Quick, Draw! Data Preparation

In this section, we will setup a subset of Quick, Draw!1. Our goal is to make a drawing classifier for squares and triangles.

Note: Requires Turi Create 5.4 or above

We start by dowloading a few examples of "square" and "triangle" shapes -- around 120,000 examples each, both as bitmaps and as stroke-based drawings. The following script (run from your terminal) should get you started.

# Make directories with the data
mkdir quickdraw
cd quickdraw
mkdir bitmaps strokes sframes

cd bitmaps

# Bitmap data (around 90 MB each)
curl https://storage.googleapis.com/quickdraw_dataset/full/numpy_bitmap/square.npy > square.npy 
curl https://storage.googleapis.com/quickdraw_dataset/full/numpy_bitmap/triangle.npy > triangle.npy

cd ../strokes

# Stroke data (around 200 MB each)
curl https://storage.googleapis.com/quickdraw_dataset/full/raw/square.ndjson > square.ndjson
curl https://storage.googleapis.com/quickdraw_dataset/full/raw/triangle.ndjson > triangle.ndjson

After running the above script, you should have a directory structure like this:

quickdraw/
    bitmaps/
        square.npy
        triangle.npy
    strokes/
        square.ndjson
        triangle.ndjson
    sframes/

For both bitmap and stroke-based drawing input formats, we will sample 100 examples from each of the classes and turn it into an SFrame.

Using Bitmap Data

Here is a snippet to sample 100 examples per class into an SFrame for bitmap data as the input format:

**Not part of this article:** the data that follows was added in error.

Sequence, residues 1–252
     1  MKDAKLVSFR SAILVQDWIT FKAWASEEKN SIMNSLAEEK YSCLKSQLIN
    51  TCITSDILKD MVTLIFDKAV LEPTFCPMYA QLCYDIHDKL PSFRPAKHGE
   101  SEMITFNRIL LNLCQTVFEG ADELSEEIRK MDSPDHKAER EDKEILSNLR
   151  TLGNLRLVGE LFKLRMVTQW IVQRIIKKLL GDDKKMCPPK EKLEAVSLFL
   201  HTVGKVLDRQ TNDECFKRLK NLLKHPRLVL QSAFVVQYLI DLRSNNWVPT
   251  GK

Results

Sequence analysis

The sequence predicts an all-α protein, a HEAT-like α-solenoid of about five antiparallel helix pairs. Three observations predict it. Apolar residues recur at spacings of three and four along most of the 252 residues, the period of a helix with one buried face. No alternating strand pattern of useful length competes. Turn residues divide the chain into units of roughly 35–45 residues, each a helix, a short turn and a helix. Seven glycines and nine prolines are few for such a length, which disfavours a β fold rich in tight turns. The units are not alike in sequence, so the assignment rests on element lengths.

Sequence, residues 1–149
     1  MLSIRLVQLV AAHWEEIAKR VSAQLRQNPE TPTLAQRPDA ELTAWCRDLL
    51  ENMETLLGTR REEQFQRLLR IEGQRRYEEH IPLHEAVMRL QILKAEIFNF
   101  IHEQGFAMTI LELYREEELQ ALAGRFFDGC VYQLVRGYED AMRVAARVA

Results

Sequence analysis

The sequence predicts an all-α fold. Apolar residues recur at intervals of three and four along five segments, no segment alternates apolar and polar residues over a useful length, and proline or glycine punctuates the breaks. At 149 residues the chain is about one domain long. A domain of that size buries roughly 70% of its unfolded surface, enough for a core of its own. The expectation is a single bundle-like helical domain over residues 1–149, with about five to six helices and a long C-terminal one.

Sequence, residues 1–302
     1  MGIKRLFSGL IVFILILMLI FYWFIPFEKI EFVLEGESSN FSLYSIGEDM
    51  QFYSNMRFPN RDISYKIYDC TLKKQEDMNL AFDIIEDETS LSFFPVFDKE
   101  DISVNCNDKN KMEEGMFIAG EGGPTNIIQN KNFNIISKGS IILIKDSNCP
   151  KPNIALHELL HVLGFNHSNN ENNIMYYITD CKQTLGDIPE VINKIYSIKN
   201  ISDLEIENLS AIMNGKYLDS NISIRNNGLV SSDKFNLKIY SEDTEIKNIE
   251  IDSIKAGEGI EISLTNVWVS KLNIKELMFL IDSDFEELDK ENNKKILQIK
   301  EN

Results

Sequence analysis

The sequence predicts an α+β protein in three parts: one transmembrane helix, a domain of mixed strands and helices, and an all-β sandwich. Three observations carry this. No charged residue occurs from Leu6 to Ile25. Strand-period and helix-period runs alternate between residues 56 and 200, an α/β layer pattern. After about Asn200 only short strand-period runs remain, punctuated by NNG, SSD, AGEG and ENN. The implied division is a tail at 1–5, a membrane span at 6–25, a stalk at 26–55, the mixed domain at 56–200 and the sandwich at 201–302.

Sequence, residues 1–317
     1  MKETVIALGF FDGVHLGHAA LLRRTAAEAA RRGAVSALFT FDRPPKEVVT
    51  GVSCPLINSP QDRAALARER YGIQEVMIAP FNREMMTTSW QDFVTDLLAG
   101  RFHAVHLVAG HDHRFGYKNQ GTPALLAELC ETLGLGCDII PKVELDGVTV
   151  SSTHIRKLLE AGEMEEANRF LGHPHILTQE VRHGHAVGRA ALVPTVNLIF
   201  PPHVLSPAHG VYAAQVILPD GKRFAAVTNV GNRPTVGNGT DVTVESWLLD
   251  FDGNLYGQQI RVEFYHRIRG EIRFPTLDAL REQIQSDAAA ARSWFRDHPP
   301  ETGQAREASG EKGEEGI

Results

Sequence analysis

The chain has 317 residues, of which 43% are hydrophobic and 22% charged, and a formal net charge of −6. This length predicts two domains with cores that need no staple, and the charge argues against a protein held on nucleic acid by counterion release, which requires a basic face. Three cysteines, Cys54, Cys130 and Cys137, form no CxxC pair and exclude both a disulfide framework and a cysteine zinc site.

import turicreate as tc
import numpy as np
import os

random_state = np.random.RandomState(100)

# Change if applicable
quickdraw_dir = 'quickdraw'
bitmaps_dir = os.path.join(quickdraw_dir, 'bitmaps')
sframes_dir = os.path.join(quickdraw_dir, 'sframes')
npy_ext = '.npy'
num_examples_per_class = 100
classes = ["square", "triangle"]
num_classes = len(classes)

def build_bitmap_sframe():
    bitmaps_list, labels_list = [], []
    for class_name in classes:
        class_data = np.load(os.path.join(bitmaps_dir, class_name + npy_ext))
        random_state.shuffle(class_data)
        class_data_selected = class_data[:num_examples_per_class]
        class_data_selected = class_data_selected.reshape(
            class_data_selected.shape[0], 28, 28, 1)
        for np_pixel_data in class_data_selected:
            FORMAT_RAW = 2
            bitmap = tc.Image(_image_data = np_pixel_data.tobytes(),
                              _width = np_pixel_data.shape[1],
                              _height = np_pixel_data.shape[0],
                              _channels = np_pixel_data.shape[2],
                              _format_enum = FORMAT_RAW,
                              _image_data_size = np_pixel_data.size)
            bitmaps_list.append(bitmap)
            labels_list.append(class_name)
    sf = tc.SFrame({"drawing": bitmaps_list, "label": labels_list})
    sf.save(os.path.join(sframes_dir, "bitmap_square_triangle.sframe"))

build_bitmap_sframe()

Rendered Drawings

After building the two SFrames, your directory structure should look like the following:

quickdraw/
    bitmaps/
        square.npy
        triangle.npy
    strokes/
        square.ndjson
        triangle.ndjson
    sframes/
        bitmap_square_triangle.sframe
        stroke_square_triangle.sframe

Using Stroke-Based Drawing Data